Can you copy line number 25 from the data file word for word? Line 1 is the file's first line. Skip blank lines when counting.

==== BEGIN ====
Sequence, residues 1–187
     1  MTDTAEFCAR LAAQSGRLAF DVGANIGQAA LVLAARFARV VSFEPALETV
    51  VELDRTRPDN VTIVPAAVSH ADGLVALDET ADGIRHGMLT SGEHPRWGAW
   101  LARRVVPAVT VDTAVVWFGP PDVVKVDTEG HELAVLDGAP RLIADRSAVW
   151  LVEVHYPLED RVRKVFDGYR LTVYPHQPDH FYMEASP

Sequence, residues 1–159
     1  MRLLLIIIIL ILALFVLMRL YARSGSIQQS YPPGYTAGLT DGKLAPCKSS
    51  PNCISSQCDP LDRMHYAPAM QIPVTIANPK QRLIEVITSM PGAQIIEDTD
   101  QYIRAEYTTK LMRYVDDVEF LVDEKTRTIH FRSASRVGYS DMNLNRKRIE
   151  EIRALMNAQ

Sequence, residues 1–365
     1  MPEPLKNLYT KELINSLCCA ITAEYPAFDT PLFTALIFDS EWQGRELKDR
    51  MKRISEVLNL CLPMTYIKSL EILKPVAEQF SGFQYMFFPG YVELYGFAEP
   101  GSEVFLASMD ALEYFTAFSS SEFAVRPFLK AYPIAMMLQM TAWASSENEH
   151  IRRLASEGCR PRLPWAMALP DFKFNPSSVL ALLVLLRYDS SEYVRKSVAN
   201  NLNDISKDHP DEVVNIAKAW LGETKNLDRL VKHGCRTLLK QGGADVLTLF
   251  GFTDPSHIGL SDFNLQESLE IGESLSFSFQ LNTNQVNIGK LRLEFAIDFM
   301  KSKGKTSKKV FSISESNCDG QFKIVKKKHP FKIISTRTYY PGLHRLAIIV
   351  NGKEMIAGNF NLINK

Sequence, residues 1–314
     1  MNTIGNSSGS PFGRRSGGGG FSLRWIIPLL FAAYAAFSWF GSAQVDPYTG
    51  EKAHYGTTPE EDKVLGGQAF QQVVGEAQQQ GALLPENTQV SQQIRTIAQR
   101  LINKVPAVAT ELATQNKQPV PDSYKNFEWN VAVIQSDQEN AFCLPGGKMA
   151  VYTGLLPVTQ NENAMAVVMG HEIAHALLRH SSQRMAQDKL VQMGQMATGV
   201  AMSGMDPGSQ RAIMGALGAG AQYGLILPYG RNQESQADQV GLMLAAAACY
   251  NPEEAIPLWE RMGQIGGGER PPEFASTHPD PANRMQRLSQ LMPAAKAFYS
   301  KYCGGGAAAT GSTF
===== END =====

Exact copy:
   201  AMSGMDPGSQ RAIMGALGAG AQYGLILPYG RNQESQADQV GLMLAAAACY